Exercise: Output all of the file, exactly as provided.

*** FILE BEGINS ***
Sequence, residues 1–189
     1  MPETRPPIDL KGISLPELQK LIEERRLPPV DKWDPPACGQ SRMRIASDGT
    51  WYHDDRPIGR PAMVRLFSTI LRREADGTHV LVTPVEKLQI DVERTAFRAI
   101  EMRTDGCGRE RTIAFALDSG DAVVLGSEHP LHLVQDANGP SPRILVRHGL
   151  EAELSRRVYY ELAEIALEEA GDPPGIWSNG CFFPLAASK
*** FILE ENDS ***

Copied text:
Sequence, residues 1–189
     1  MPETRPPIDL KGISLPELQK LIEERRLPPV DKWDPPACGQ SRMRIASDGT
    51  WYHDDRPIGR PAMVRLFSTI LRREADGTHV LVTPVEKLQI DVERTAFRAI
   101  EMRTDGCGRE RTIAFALDSG DAVVLGSEHP LHLVQDANGP SPRILVRHGL
   151  EAELSRRVYY ELAEIALEEA GDPPGIWSNG CFFPLAASK